When I was first pregnant I found myself automatically apologising to my husband for the fact that my body would change.
And this is weird on several levels. Firstly, OF COURSE it’s going to change. How could you grow a new person within your own body without needing to make a little room?
Secondly, I didn’t do this on my own. I’m not going to draw you a picture but getting pregnant is very much a two person job and one we did on purpose. So, actually, I haven’t changed my body, we have.
And thirdly, why would a physical change require an apology anyway? Changing is what bodies do. We get older, we do varying levels of exercise, we experiment with the volume of Nobbly Bobbly ice creams we can consume during the summer months… We change together and support each other as we go.
But nonetheless, the instinct to apologise was there. He required no such thing, of course, because he’s not a dickhead, but this wasn’t really about him, anyway. It was about how I perceived myself, my own body image, and how we all respond to change, particularly when it occurs in women.
Several people have felt compelled to reassure me that ‘You can hardly tell you’re pregnant at all!’ or ‘Don’t worry, you’re wearing it well’ or ‘It’s OK because it’s just on your tummy and not on your face or anything’.
And it’s so strange because I’d be fine with it spreading anywhere it needs to go. I want people to be able to tell. A child is growing in here and I am happy to look however I need to keep us both safe.
When people say these things, I’m not even sure they know what they mean, only that, for the most part, they mean well. But I think it would be better for everyone if we stopped. There’s no need to panic. Bodies change and that’s OK.
Weight can, of course, be a huge trigger for insecurity, just like any other element of our appearance or lives. And I’m sure that many people who make these comments are just keen to keep everybody feeling good during such a gruelling process.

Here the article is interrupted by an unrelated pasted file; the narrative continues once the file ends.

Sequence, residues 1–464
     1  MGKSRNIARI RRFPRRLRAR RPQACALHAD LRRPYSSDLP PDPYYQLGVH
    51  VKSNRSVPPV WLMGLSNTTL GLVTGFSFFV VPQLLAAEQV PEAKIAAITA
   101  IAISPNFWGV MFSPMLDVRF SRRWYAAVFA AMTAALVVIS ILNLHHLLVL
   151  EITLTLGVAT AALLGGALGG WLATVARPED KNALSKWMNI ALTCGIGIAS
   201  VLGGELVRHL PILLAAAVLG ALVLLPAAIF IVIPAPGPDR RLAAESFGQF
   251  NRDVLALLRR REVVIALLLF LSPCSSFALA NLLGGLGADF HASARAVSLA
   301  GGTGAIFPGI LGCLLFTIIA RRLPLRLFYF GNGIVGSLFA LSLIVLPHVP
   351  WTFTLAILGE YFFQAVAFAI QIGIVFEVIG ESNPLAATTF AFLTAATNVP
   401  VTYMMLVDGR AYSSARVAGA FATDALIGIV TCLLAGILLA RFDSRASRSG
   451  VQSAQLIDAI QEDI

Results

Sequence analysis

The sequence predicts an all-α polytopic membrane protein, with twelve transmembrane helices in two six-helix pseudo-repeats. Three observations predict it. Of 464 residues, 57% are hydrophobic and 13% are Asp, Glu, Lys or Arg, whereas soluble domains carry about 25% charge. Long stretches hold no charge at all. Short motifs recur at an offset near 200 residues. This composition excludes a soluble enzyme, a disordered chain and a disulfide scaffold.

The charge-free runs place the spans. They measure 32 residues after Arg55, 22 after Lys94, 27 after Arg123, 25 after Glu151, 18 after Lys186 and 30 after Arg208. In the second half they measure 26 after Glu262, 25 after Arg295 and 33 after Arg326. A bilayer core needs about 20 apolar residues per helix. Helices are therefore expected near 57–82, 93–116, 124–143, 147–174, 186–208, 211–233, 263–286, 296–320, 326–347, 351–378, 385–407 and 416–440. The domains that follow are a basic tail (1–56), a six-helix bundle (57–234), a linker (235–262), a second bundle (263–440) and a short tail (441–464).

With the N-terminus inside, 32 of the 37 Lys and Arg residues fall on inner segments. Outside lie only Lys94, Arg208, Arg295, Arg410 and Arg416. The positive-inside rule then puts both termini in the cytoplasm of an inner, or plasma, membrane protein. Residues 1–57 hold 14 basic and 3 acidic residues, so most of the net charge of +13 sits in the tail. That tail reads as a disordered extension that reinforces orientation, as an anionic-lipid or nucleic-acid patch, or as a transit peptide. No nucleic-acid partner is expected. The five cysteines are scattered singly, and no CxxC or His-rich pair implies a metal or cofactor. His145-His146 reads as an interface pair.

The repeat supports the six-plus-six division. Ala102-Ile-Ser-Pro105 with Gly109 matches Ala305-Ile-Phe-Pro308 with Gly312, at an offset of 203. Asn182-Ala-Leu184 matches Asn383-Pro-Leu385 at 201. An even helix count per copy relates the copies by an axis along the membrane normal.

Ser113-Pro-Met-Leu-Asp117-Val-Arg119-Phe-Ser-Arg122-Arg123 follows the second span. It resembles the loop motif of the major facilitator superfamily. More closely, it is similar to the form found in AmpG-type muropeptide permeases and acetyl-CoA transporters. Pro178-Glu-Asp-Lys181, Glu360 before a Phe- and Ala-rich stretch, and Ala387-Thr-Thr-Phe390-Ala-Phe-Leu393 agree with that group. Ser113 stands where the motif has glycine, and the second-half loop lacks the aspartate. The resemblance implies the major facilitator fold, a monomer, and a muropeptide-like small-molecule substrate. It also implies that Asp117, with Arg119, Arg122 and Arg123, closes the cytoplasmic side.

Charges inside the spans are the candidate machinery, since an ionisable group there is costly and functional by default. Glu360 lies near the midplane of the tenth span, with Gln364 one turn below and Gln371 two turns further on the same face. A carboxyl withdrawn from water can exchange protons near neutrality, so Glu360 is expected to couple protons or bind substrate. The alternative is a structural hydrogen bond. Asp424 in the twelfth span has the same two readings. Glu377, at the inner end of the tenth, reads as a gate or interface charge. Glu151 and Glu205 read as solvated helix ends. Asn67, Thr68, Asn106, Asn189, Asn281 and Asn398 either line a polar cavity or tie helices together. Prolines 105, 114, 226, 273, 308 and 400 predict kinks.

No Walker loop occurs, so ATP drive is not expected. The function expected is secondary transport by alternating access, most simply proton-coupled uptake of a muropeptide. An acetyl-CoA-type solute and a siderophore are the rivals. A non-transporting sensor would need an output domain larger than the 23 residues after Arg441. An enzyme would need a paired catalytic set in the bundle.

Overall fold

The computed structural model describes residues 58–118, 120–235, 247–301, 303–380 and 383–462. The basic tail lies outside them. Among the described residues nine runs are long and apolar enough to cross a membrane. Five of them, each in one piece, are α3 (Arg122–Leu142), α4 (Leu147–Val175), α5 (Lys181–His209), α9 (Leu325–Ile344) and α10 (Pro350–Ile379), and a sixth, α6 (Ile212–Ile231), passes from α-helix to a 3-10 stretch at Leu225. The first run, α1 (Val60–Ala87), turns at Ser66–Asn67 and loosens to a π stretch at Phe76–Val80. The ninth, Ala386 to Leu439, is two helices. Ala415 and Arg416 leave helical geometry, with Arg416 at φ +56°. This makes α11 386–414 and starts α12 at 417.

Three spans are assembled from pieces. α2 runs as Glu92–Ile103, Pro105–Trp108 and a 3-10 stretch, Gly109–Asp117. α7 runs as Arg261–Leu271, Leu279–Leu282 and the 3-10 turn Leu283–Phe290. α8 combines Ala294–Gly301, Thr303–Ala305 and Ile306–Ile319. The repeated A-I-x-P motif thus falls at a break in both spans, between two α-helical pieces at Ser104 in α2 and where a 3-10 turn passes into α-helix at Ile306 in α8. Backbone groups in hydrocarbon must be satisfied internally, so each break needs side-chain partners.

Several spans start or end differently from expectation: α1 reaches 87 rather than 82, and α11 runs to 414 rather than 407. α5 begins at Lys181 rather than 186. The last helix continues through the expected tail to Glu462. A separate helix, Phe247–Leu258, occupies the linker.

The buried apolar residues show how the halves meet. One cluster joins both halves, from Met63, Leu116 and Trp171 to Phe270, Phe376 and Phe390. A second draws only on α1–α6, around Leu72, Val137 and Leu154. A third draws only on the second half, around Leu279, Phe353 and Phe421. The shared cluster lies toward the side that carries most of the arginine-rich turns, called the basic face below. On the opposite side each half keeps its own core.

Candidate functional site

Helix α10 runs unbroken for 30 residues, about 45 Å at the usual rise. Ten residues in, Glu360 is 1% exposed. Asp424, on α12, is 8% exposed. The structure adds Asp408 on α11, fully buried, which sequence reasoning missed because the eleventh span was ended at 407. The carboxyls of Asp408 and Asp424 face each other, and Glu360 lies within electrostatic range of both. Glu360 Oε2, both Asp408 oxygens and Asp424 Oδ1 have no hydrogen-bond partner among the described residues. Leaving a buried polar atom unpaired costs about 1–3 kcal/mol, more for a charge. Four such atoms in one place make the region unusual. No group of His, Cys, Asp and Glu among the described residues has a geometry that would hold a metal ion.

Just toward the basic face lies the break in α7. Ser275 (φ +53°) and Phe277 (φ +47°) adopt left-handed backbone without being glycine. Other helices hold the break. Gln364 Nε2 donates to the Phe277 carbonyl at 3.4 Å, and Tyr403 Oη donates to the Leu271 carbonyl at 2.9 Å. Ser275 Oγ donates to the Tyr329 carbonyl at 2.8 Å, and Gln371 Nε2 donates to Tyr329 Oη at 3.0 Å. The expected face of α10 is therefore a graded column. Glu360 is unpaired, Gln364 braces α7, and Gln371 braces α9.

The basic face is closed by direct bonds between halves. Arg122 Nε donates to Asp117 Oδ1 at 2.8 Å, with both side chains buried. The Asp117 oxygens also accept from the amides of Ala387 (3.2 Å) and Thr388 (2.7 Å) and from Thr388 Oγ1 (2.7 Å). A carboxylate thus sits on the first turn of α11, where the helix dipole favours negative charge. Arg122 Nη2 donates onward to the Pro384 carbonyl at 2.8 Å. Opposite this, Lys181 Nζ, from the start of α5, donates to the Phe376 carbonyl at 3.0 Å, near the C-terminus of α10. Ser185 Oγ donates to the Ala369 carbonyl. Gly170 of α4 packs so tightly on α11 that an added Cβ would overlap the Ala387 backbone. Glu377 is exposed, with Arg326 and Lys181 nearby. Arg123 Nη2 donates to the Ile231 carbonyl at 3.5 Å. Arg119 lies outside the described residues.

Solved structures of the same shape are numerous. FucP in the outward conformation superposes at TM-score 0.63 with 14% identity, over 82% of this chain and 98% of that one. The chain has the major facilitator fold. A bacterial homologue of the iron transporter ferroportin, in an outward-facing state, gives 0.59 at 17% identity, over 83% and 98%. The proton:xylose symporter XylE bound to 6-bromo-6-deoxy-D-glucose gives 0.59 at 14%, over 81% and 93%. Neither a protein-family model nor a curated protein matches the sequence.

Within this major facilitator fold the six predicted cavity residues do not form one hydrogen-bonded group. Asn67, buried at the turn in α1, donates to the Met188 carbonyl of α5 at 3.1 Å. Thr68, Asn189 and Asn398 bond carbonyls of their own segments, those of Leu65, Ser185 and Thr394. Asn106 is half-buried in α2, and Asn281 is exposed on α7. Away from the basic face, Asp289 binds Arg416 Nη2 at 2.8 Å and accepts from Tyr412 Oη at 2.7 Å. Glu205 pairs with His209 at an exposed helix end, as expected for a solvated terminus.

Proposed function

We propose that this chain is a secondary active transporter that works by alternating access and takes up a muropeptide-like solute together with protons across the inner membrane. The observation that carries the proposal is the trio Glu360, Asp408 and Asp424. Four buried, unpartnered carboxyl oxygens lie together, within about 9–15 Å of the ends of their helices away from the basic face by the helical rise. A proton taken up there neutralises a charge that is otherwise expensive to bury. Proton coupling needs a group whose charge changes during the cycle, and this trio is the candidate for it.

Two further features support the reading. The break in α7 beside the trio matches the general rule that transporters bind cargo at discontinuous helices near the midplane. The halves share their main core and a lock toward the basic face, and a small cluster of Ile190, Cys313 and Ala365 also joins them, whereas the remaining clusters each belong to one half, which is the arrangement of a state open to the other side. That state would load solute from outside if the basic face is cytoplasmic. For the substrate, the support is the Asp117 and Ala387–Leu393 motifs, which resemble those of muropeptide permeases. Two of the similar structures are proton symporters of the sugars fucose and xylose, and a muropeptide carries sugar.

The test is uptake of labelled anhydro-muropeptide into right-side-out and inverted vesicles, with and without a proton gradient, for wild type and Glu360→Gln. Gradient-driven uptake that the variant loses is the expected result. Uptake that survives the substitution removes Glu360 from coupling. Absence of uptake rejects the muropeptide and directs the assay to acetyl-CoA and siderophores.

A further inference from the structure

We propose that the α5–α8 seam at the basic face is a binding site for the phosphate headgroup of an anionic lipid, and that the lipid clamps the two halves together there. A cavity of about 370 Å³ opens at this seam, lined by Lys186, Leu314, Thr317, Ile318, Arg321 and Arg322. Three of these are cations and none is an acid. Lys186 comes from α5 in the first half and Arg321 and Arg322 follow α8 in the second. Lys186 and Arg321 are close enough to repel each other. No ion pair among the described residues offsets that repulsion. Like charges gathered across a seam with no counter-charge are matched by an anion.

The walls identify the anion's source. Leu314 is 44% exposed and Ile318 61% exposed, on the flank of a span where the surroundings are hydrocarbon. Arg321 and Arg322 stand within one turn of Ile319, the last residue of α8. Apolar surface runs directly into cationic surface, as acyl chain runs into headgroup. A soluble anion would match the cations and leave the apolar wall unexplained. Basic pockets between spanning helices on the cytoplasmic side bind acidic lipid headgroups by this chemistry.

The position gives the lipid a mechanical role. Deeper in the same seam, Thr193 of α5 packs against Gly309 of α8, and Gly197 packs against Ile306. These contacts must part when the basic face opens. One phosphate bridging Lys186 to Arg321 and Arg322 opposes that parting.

But we mustn’t normalise the idea that a woman’s body changing is a bad thing. Because it isn’t.
What matters is how a person feels and that they’re healthy. And a positive status in both these areas looks very different from person to person. My healthy and your healthy, and my happy and your happy, no doubt do not look the same. And yours is absolutely none of my business.
Before I figured out that I was struggling with anxiety, I was often a little underweight. Nothing drastic but it was a side effect. When I look at my wedding pictures, I can see that although I’m happy in our relationship, I had some serious personal work to do. And since I’ve done that, I’ve had a steadier, healthier weight, which has involved getting a bit bigger, and that is a good thing.
I found it alarming that my instinct when I got pregnant was to say sorry for the changes my body would go through. That I felt the need to clarify whether my husband would manage to find me attractive during this time. (I am a constant source of Cadbury snacks right now – what could be more alluring than that?)
But I caught myself just in time and do not apologise any more. I am instead trying to enjoy this process, as much as the exhaustion/crying fits/surprise nausea will allow, anyway. Because this is a journey to something I want, so I wouldn’t have it any other way.
If we want to live in a world that’s kinder to women’s bodies, we have to start being kinder to ourselves.
We need to be more honest about what’s fuelling our thoughts. Are you apologising for your weight/look/whatever because you have done something wrong? Or because you’re afraid that if you don’t, somebody else will suggest that you should?
Because, you know what? That is one risk you can afford to take. Because anybody who suggests that is wrong. And they should be the one to say they’re sorry.